"Good," I fibbed. "Fine. And with you?"

"Nice. I have what you'd probably call 'a love interest.' "

"Wonderful! Good guy?"

"Older," she said. "Kind. Really into meditation."

What leapt to my lips was: How much older? But I'd learned long ago to tread lightly when it came to Natasha's love interests. I was happy she'd found someone, but she had, in this arena, a genetic similarity to her Aunt Cecelia: Both of them had loved their way through a string of unusual boyfriends—the wild, the nerdy, the addicted and arrested, handsome and not so handsome, tall, thin, stocky, short, brilliant and rather slow; men, young and not so young, who inhabited the fringes of the masculine netherworld. I'd learned to accept it and hoped now only for one outcome: that my daughter's romantic explorations would end up where my sister's had, with a good man who treated her well.

So instead of probing I said, "And how's that going? The meditation, I mean."

"Rinpoche's guiding me. He says I'm making progress but it doesn't feel like progress. It just feels like a gradual, I don't know, a gradual becoming more myself. I'm not afraid of the things I used to be afraid of."

"Such as?"

"Such as Bakken creeps coming on to me in the market. Such as going out for long walks on the farm roads at night. Such as being out on my bike in a thunderstorm."

Keep going, I thought. Soon it will be not afraid of getting into cars with strangers, not afraid of jumping out of airplanes, not afraid of working as a guard in the state prison, not afraid of. . . . I said, "As a fearful man, I have to say I'm jealous."

"Little things, Dad, but it's nice. And it's because of the meditation. Are you keeping up with your practice?"

"Sure," I said. "It's the last bastion of discipline for me. I sometimes think that, without it, I'd drown in a sea of wine and television."

"You've gotten fat."


"Are you still working out?"

"Not as much."

"Are you depressed, Dad?"

"Not so much."

"What do you do all day?"

"Oh, you know. I meditate for twenty minutes or half an hour, morning and night. In the middle of the day I keep busy. A little tennis. Reading. TV. Seeing friends."

"You're depressed."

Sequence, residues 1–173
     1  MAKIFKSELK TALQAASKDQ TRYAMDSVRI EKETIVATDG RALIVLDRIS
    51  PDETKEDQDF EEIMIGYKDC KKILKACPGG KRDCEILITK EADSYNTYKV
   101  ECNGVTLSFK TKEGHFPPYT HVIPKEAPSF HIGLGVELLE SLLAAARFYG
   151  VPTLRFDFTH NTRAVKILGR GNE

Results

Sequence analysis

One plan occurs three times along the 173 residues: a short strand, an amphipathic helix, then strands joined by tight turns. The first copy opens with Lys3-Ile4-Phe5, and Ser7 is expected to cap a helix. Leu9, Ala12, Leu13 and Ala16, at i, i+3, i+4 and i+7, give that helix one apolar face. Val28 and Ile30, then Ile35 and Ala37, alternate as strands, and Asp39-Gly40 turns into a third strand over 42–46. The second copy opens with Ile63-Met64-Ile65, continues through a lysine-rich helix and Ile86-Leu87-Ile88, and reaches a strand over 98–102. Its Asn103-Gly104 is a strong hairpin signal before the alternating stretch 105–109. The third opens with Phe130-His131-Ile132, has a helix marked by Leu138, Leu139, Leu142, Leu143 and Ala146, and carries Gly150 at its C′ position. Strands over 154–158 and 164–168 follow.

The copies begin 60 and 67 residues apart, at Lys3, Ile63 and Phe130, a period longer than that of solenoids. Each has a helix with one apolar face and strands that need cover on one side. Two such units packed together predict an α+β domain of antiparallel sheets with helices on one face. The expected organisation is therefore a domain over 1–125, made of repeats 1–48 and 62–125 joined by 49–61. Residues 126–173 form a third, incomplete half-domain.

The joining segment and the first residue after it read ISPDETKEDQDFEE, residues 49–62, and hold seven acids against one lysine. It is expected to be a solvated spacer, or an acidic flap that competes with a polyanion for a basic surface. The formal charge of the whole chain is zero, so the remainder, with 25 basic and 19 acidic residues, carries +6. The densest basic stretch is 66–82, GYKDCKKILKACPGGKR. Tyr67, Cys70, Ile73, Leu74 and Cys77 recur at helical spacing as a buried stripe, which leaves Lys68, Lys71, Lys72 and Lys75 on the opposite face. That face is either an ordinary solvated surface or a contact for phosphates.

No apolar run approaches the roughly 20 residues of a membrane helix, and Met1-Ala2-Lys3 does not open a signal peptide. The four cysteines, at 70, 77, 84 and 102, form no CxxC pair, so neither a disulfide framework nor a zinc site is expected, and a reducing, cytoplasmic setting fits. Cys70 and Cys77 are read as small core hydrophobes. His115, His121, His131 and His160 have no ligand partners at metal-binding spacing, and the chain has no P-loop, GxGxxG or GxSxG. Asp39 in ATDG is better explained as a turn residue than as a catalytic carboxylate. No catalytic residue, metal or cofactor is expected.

"You should come out here and live with us. Rinpoche's an expert on depression."

"And never experienced it a day in his life, I bet."

"No, but still."

"It's good to be here, hon. Nice to see you in the flesh, to see Rinpoche and Aunt Seese and Shelsa. But after all these years of city life, being here is like downshifting from fourth to second. It's very pleasant, refreshing. But it's not the life for me, Tash. I left this life a long time ago. I can't go back."

"And Aunt Seese drives you nuts, right?"

"I love Aunt Seese. I admire her. I'm happy to see her so happy."

"But . . ."

"But she can drive me crazy, still, yes."

"Have you ever really looked into that, Dad?"

"As a matter of fact, I have. Many times."


"I think it's because she refuses to see the world as it actually is. She believes that if she eats carefully and prays a lot and is devoted to Rinpoche and Shelsa—all good things, by the way—then she'll escape pain and death, she'll somehow come to inhabit another earth where people don't cheat and murder. We were just talking about it, as a matter of fact. She dreams of a different world, which is all fine and good, except that, as far as any rational person knows, that world doesn't exist. She's been that way since she was a girl. She hasn't changed."

"She thinks," my daughter said, in a measured, thoughtful tone that was new to her, "that if she clears her mind down to the deepest level then three things will happen: she'll never be afraid; it will be easier to love people; and it will be easier to die."